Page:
One of the most infuriating aspects of single parenting is the lack of freedom you have in planning a summer vacation. You don’t just have to worry about your schedule and your child’s interests, but your child’s other family members. Worse, if you scrimp and save to give your kids an amazing experience, their other parent might see it as a personal attack. It takes finesse to pull off a great trip as a single parent.
Start With Your Custody Agreement
It’s important not to make any assumptions regarding vacation plans. Your custody agreement might specify the specific dates you have for vacation or the steps you need to take in order to inform the other parent of your plans. You might even need to ask for permission. It’s important to look these over early so you can petition the court if any changes are needed.
Keep in mind, too, your ex might not know what’s in your court order. It’s easy for mom or dad to assume they have rights. Wanting or expecting to maintain control over your vacation plans is not the same as legally being able to interfere. Being prepared for unreasonable demands helps you defuse them, but there are ways to help avoid them that you should try first.
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Give Your Ex Advance Notice
For custody agreements with vacation stipulations, it’s pretty common for parents to have to notify one another of their plans within 30 days of a trip. What you and your ex consider “notice” might differ, so try to make sure you’re on the same page. Ease into discussions by informing your ex of the vacation dates and a rough idea of the location. A month’s notice should give you enough time to respond to any objections your ex might raise.
Put Yourself in the Other Family’s Shoes
Insecurity is at the root of many vacation battles, but it’s easy to confuse that feeling with fear. If your ex is furious that you’d try to take the kids out of the country, try not to be defensive, and talk them through their fears. Are they really worried you’ll disappear with the children, or are they worried the kids will remember their trip to Paris and forget their trip to Six Flags? Is there any valid reason your children should miss out on an excellent experience because both of you can’t afford to take them on it? Really frame it from the child’s perspective.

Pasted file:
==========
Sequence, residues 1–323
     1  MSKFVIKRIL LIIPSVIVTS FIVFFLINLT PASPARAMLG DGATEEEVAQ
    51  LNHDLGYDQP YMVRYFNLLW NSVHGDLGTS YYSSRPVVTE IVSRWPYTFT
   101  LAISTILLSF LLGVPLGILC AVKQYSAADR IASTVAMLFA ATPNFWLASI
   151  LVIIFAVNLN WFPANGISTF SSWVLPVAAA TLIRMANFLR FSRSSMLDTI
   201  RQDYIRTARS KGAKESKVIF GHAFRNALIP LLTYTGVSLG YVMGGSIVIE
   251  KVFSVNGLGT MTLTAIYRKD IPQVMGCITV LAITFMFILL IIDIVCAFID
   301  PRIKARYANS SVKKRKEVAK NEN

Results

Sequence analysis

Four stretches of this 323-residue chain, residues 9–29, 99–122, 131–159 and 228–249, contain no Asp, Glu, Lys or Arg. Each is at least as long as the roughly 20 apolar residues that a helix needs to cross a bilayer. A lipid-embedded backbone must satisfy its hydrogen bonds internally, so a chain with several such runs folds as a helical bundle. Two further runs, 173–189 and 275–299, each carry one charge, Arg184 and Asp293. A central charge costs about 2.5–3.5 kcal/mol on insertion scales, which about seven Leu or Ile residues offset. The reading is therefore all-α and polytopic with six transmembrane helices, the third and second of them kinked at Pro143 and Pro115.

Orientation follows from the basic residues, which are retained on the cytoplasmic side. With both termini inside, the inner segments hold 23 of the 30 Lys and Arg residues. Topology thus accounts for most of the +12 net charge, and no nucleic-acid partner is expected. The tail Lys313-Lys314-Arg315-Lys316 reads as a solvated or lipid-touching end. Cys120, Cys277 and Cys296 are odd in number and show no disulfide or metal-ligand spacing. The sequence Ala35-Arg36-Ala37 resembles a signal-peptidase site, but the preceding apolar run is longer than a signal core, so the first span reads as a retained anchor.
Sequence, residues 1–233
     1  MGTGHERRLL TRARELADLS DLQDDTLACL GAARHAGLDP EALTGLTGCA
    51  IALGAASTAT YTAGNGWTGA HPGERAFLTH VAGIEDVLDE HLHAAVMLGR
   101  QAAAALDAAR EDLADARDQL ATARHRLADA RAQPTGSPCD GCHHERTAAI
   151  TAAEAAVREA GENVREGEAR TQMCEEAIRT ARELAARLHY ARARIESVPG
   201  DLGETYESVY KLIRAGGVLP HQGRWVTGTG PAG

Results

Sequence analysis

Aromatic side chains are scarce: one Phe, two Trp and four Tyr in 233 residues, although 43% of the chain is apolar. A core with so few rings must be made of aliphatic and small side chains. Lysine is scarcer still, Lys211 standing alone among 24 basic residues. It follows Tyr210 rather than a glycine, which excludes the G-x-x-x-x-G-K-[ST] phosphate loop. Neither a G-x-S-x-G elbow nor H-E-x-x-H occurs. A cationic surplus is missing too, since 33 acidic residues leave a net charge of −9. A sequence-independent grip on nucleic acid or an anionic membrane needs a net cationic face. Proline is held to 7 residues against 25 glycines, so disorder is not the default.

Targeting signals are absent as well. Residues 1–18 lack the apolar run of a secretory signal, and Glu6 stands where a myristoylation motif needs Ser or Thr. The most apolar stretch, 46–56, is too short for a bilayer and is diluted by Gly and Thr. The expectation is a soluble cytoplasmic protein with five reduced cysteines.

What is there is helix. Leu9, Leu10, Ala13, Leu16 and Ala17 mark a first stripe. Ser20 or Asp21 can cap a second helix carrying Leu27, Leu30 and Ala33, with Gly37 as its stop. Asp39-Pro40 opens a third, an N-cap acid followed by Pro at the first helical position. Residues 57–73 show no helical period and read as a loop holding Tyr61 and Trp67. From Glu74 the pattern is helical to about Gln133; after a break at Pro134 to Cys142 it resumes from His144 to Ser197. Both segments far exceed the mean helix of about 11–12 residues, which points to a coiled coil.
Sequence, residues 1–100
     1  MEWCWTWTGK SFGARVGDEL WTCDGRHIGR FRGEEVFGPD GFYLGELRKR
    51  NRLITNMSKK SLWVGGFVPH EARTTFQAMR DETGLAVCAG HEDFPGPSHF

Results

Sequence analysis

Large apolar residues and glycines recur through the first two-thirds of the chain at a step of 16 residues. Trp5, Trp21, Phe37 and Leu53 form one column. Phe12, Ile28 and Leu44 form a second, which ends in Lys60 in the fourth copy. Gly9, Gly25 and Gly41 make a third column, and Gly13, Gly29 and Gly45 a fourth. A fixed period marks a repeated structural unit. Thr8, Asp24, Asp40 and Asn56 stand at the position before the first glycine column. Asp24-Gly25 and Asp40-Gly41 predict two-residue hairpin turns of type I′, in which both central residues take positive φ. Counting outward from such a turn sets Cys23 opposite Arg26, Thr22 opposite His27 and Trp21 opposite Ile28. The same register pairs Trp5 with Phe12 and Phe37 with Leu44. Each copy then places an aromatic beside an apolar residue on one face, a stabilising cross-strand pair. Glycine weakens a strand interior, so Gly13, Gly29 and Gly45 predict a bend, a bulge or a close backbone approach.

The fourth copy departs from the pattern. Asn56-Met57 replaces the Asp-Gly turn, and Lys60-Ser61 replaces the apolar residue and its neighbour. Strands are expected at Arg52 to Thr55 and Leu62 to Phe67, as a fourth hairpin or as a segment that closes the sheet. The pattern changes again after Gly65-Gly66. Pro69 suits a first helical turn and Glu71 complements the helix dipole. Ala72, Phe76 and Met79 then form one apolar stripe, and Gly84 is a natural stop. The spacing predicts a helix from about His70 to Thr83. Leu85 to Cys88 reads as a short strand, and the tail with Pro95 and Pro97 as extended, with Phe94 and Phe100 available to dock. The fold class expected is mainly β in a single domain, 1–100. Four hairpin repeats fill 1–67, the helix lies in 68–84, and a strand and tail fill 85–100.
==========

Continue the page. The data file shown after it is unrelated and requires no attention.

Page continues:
Use a similar tactic when dealing with objections to out-of-state travel or too extravagant trips, even if there are step- or half-siblings that will be missing out. You shouldn’t be shamed for making other children feel bad. This was a risk your former partner took by starting a family with someone else.
If the other parent refuses to give permission for international travel, you still have a few options. The U.S Virgin Islands – St. Thomas, St. John, and kid-friendly St. Croix – offer you crystalline waters and powdery white beaches without the need for a passport. Puerto Rico doesn’t require one either and will give the kids a chance to explore sunny, sandy beaches, one of the world’s most impressive cave systems and the only rainforest in the U.S. forest reserve. Just be aware, trips to Alaska which go through Canada Border Control will require your ex’s permission — or a court order.
Staying in Touch on Your Trip
Unless contact with your child’s other parent proves to be a disruption, you should try to keep them in touch during a long trip. Feel free to restrict calls and texts to certain hours, and be sure to send lots of photos. You’ll appreciate the effort when it’s your turn to be left at home.
Vacations should be fun for everyone in your family, but it’s difficult for kids who are leaving half of their family at home. You can make it easier on them early in the planning stages by creating a trip their other parent can support.
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